Roof’s guilt — almost cheerfully admitted in the FBI interview that followed after he was arrested and brought into a police station — was never really in doubt. He said he did it; survivors said he did it; the surveillance video outside the church provided images to support it; the federal lawyers built a watertight case with the plentiful evidence. Indeed, in the opening statement during the guilt phase in December, Roof’s attorney David Bruck said he expected the jury to find his client guilty. For this crime, in everyone’s mind, he was the guy. The only guy. All of the heart-wrenching testimony from victims’ families and the meticulous, fiercely detailed work from the government lawyers was not exactly in vain. But it was in service of another goal: a penalty of death to match Roof’s guilt.
There are people who are fervently against the death penalty. I am one of them, coming from England, where the last state execution took place almost two decades before I was born, in 1964. It is barbaric, opponents of the death penalty murmur, an Old Testament sentiment out of step with a post-post–New Testament world. But the conviction of Dylann Roof reveals, within this group, a section of folks who cannot muster up the enthusiasm or energy to condemn the decision in this case. The crime is too great, is the (un)whispered consensus. Certainly, a life (taken by the state) for nine lives snuffed out (by a terrorist) is not a fair tradeoff. Even rudimentary mathematics tells us that one ≠ nine. But there is a greater power when it is the state that swings the ax. The death of Dylann Roof, whenever it takes place, will be a careful act — more careful, even, than a planned mass murder by one citizen. The heft of the law is weightier.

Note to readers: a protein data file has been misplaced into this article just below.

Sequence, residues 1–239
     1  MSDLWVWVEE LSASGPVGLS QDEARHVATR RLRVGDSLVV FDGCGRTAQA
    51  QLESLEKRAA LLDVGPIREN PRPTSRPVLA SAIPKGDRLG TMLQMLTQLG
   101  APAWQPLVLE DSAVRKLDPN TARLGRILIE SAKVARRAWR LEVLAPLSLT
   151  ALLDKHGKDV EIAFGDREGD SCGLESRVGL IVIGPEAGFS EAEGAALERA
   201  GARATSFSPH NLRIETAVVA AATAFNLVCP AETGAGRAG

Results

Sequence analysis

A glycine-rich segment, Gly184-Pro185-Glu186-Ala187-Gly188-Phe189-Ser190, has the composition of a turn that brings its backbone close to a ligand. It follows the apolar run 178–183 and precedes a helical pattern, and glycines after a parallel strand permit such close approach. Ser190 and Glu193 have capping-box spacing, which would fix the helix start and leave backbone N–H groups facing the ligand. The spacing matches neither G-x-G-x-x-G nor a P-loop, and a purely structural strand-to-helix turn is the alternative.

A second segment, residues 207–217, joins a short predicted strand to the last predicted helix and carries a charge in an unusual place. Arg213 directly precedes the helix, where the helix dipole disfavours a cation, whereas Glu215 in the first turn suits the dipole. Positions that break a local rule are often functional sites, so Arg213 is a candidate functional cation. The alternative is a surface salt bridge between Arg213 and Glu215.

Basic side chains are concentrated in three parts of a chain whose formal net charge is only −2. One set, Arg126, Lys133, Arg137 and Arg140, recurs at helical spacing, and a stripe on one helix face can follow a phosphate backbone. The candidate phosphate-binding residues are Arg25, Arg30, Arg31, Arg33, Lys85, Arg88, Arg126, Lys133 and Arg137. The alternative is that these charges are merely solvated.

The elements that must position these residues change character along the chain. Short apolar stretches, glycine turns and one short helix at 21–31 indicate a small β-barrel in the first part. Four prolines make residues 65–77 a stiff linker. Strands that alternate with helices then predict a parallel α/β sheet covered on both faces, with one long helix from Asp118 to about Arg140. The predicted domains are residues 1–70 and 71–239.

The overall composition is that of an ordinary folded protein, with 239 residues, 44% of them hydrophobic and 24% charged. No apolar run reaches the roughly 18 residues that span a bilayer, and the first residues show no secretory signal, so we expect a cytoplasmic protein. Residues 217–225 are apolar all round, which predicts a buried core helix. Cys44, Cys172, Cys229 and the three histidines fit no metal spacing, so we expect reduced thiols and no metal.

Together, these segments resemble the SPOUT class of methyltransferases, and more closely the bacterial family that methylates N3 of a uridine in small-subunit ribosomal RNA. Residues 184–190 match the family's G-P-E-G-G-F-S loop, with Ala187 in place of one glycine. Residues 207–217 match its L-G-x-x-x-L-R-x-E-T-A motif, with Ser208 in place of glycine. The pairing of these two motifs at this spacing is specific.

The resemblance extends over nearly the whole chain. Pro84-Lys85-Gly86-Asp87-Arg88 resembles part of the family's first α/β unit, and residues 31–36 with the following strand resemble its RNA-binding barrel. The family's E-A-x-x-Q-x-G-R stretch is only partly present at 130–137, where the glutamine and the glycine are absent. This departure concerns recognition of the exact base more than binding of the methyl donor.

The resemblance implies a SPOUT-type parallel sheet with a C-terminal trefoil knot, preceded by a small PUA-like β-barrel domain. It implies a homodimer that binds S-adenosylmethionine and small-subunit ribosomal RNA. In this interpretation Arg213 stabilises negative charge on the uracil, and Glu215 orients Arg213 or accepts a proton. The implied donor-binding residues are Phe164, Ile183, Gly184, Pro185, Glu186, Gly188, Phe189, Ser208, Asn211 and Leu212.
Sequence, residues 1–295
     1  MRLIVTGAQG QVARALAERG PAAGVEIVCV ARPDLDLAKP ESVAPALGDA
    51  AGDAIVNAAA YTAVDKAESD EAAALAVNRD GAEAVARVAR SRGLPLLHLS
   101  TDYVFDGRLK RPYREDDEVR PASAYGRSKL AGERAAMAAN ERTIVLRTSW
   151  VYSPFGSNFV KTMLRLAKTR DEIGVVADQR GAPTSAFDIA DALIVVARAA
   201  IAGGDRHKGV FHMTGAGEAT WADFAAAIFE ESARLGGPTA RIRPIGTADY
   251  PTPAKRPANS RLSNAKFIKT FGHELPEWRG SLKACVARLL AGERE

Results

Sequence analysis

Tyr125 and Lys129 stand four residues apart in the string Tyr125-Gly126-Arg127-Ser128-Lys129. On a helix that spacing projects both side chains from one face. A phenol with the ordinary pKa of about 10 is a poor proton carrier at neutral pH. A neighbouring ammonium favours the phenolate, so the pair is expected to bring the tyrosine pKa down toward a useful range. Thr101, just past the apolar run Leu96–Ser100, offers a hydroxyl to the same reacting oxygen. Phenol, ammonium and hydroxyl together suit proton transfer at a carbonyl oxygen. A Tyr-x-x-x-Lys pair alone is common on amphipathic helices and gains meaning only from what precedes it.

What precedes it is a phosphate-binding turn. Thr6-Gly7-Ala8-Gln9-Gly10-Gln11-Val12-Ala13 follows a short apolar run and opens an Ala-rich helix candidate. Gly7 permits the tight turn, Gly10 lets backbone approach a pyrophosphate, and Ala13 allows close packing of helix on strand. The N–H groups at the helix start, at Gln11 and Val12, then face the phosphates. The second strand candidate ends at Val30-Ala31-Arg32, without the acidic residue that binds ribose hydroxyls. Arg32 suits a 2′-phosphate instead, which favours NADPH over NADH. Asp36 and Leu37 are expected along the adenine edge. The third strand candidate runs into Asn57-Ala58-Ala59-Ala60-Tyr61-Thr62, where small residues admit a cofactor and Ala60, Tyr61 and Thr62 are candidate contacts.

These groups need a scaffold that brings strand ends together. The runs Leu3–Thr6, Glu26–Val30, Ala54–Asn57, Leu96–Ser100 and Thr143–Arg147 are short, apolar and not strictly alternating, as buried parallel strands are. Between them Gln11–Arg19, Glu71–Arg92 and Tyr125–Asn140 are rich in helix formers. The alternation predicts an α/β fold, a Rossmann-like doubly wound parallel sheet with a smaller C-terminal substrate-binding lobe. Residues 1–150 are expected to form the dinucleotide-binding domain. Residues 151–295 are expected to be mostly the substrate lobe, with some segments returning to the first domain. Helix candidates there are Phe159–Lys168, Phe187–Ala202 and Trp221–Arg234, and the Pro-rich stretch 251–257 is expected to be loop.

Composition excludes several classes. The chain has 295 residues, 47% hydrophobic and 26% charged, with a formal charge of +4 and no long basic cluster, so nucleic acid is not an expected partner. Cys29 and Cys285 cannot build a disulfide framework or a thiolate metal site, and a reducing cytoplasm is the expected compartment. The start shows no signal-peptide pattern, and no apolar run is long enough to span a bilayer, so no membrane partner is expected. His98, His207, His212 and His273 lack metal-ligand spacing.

There have always been conversations about the worth of a black life as compared to a white one. Is a state-sanctioned killing—so often the unfortunate destiny of black men and women in this country since its conception—the answer to a terrorist massacre in a historic black church? Perhaps, perhaps not. The lines are easy to draw here: black and white; a hate crime steeped in America's greatest sin, carried out against innocent churchgoers on a site of historic black importance; life and death.